St. Luke’s story of the birth of Jesus begins with the simple words, “In those days…” And in a few sentence that follow Luke gives us a political snapshot of those days.
The Romans were rulers of the western world then, with a tight grip on Jesus’ homeland of Palestine. Caesar Augustus was the emperor. Quirinius was his governor in Syria, and so he was in charge of Palestine in those days. Later, we’ll hear that Pontius Pilate represented the Romans in Judea.
In those days, Rome decreed that a census be taken of the whole world, Luke tells us. The government wanted to know how many people were in the areas it controlled, particularly areas like Palestine. The reason for the census was primarily financial. The Roman empire was stretched financially; Rome needed money for its wars and expensive military occupations. The Romans were into big construction projects, and so they were looking for every penny they could get from the people under them.
In places like Palestine the Romans got their money through a system that depended on tax-collectors. We hear about them all through the gospels. Matthew, one of Jesus’ disciples, was a tax-collector. They were contractors who worked under rather loose Roman supervision. The Romans established financial quotas for them, and the tax-collectors in turn got the money from the people anyway they could. The ordinary people hated them.
I think the reason for the census that Luke mentions was that someone blew the whistle on the Palestinian tax collectors. I think they were cheating the government and someone in the Roman treasury department said: “We need more financial oversight in Palestine. We have the bring our accountants in. We have to find out how many people are really there to tax.”
Now, the census was a very disruptive process; we can see its disruptiveness in the gospel story. People had to leave their jobs and their homes. It didn’t matter if a woman like Mary was pregnant. The social cost of the census in human terms and the Roman attempts to reform their economy must have been high. Certainly, the Romans knew it, but the Roman officials probably said: “ Yes, we going to have bad times but we have to go through them if we’re going to rebuild our financial system here and our empire is to go on.”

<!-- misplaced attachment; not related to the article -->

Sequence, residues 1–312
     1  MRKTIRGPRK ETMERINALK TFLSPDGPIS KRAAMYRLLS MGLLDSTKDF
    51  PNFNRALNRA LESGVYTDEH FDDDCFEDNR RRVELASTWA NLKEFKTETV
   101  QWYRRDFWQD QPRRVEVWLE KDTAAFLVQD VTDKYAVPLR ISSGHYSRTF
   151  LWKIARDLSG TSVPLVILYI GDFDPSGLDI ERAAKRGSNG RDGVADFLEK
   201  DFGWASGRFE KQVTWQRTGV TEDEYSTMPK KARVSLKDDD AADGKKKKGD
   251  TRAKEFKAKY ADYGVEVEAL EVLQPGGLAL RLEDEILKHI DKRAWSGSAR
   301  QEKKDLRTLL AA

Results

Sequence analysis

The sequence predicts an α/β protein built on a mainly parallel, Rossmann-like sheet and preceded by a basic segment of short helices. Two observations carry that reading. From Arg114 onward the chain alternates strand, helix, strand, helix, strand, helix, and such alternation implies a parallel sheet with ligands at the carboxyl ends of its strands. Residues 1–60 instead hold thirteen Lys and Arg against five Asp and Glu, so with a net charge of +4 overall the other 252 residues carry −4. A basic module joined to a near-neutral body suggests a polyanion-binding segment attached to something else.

I think you can see what I’m getting at with my little excursion into the history of those days. Those days sound something like our days, don’t they? It’s easy to romanticize the birth of Jesus, but basically he was born in bad days.
The shepherds are key figures in the Christmas story. People looked down on them. They were uneducated, toughened by the wind and the rain in the lonely hills; their job was hard and dangerous and undesirable. They tended sheep because someone had to do it. Looking at their economic status in those days, they were at the bottom of the heap.
In bad times the shepherds would feel it more than anyone. The people on the bottom always feel bad times the most. It was to them, watching on the dark hills, that the angel came announcing great joy.They had a lonely existence. But it was to them, watching on the dark hills “For you and for all the people, your Savior has been born, who is Christ the Lord.” Go to Bethlehem, a Child there in a manger.
In bad times, it’s always good to listen to the message the angel brings and to go to the Child in a manger.
The faith we receive from this Child doesn’t mean that everything is going to change for the better. After the shepherds visit, the Romans were still firmly in charge of the world, their armies still marched and they still wrung every ounce they could from the poor; the census continued till everyone was counted, and after it was over I’m sure tax-collectors found other ways to beat the system.
The blessing that faith brings, however, is its basic affirmation that God loves the world and all of us. The God we see visible in Jesus is not a distant God,uninterested and uninvolved in what we are all about here on earth. He is the Word made flesh. And he comes to us as we are, fearful, worried about the future, and wondering what the days ahead will bring. This Child brings a courageous patience, not only to endure what we must but to build a new world, to work that God’s kingdom come.
“Don’t be afraid,” the angel says to them and to us. “Don’t be afraid.”